Monthly Archives: January 2016

My MAPH Internship Experience — Newberry Library, by Ikumi Crocoll

A Summer at the Newberry

Ikumi Crocoll

I had been looking forward to the summer internships since I started MAPH. There are, of course, many amazing organizations to work with, but, as someone with a previous library degree, I had my eye on the Newberry Library from the start. My summer experience there did not disappoint and was fulfilling in unexpected ways.

NewberryI worked specifically with the archives at the Newberry. While I had done some prior coursework and volunteering in archives, I did not have a great deal of processing experience (basically, arranging and describing papers and records in an archival setting), something pretty important if one wants to become an archivist (while I am still exploring career options, this is one of them). Most of my work at the Newberry revolved around processing two Midwestern collections: the William Edward Parsons Papers and the Elbert Ozial Taylor Papers.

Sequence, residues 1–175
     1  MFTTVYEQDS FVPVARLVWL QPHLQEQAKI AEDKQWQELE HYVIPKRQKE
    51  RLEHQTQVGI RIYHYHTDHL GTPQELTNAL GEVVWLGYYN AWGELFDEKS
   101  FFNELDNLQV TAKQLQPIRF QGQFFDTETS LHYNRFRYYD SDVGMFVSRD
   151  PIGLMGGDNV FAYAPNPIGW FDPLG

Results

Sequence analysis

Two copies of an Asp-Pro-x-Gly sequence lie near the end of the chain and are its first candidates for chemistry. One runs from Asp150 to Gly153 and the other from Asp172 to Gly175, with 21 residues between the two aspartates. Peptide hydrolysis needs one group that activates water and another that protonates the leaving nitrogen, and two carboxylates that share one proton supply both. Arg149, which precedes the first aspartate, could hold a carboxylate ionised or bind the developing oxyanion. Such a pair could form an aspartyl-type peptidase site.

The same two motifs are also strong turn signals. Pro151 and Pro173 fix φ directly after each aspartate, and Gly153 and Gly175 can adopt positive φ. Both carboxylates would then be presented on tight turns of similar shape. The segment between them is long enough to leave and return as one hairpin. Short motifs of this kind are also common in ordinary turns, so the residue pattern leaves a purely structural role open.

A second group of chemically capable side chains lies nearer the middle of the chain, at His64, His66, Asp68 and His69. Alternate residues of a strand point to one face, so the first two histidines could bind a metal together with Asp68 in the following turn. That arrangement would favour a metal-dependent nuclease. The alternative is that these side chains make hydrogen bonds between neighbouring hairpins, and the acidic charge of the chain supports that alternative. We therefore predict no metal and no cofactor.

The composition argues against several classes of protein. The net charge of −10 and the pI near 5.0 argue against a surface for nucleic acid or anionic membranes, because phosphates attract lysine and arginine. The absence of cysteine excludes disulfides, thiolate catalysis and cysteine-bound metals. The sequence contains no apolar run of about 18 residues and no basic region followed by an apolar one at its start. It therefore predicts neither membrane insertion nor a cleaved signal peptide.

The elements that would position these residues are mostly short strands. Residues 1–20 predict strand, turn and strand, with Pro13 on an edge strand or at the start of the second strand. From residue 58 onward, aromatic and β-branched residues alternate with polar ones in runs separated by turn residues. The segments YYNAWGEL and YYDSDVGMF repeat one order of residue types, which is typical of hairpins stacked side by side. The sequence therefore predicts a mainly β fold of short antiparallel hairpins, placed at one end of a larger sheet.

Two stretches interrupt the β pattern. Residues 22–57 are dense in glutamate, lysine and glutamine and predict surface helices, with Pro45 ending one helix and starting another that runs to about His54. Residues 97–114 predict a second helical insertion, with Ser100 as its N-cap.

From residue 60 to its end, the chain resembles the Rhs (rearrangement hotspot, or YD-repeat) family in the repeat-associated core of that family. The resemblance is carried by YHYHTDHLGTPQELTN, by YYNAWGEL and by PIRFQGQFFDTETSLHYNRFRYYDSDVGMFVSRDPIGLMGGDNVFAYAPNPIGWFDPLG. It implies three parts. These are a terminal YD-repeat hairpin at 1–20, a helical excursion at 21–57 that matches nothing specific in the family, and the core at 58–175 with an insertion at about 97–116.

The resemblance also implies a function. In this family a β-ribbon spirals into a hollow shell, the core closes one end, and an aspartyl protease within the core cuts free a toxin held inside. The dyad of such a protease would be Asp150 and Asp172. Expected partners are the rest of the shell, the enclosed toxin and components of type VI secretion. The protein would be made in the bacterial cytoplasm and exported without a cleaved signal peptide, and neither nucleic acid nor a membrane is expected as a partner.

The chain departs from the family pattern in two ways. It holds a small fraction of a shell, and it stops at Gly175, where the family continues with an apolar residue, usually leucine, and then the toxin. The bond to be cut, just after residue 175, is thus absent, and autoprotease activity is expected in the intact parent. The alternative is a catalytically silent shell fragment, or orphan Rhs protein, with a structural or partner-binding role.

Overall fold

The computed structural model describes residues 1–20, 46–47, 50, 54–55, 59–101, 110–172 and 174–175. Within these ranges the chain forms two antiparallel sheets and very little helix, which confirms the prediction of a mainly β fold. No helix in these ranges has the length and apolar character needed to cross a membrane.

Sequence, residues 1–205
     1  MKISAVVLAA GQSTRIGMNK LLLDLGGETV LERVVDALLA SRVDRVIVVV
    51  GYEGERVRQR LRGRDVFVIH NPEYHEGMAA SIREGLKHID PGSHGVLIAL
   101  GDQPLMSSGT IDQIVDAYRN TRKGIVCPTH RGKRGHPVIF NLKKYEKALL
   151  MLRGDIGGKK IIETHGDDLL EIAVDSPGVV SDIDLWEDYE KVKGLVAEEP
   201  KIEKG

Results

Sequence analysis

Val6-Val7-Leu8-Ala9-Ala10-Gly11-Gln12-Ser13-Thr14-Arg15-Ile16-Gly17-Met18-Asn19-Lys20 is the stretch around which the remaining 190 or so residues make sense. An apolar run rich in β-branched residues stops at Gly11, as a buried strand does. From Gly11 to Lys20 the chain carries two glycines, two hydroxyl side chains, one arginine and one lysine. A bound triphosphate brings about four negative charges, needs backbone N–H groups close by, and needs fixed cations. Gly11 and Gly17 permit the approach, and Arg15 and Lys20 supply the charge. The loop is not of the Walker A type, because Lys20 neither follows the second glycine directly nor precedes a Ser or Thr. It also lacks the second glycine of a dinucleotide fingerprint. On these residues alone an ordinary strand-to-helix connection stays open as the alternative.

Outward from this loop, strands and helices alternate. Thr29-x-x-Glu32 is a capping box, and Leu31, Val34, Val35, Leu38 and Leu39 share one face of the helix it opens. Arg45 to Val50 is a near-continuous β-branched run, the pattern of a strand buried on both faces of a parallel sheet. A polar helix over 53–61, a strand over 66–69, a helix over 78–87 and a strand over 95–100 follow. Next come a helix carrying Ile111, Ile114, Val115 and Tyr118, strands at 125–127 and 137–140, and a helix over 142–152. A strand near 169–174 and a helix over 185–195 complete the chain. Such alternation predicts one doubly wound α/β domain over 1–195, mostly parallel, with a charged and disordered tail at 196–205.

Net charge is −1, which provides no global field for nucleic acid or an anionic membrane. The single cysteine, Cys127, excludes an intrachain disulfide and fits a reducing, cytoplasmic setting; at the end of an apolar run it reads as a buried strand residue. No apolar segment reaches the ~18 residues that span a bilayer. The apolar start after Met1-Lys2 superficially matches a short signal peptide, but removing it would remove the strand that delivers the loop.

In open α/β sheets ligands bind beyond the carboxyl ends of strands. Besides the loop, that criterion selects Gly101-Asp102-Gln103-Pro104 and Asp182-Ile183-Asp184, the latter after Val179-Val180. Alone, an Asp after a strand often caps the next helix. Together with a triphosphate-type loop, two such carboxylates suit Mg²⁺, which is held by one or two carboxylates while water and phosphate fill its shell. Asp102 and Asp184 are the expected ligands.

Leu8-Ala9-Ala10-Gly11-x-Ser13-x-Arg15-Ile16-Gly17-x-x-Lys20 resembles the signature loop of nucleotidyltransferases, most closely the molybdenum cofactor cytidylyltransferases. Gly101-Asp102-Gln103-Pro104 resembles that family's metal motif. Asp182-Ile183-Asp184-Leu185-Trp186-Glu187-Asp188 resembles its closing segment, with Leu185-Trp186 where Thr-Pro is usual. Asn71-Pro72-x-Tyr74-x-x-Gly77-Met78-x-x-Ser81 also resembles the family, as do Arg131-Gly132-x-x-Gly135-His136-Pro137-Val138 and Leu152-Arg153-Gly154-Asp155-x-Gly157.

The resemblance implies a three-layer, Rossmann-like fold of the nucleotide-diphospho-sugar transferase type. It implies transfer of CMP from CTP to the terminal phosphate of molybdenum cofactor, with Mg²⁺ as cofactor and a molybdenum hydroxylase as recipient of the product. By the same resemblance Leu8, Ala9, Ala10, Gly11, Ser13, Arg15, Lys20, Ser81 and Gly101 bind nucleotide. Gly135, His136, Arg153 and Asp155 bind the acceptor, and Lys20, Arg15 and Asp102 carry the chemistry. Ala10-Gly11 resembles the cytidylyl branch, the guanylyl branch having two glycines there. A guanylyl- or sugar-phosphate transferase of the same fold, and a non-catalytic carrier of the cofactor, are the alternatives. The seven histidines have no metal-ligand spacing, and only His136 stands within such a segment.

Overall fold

Parsons was a Chicago architect, who specialized in city planning. He worked on plans for cities from Detroit to Manila. You might also recognize his work in Grant Park’s Buckingham Fountain. Elbert Ozial Taylor, on the other hand, was a minister who became a national temperance lecturer. He was also a graduate of the University of Chicago. Unfortunately, most of the materials do not deal with the sins of alcohol, but they do give a sense of how Taylor thought through his sermons and perhaps a key to his philosophical and spiritual origins prior to his prohibitionist calling. Working with these collections gave me historical insight into figures, time periods, areas, and vocations of which I had little knowledge, especially revealing some facets of the Midwest in the 19th and early 20th centuries. Deciding how to organize items (knowing that there is not just one way!) proved challenging, and the entire process of getting a collection ready for public consumption often took a long time. However, I felt excited and proud to see the final products of my efforts: the papers neatly organized and labeled and a finding aid available online so that people could start requesting the documents immediately.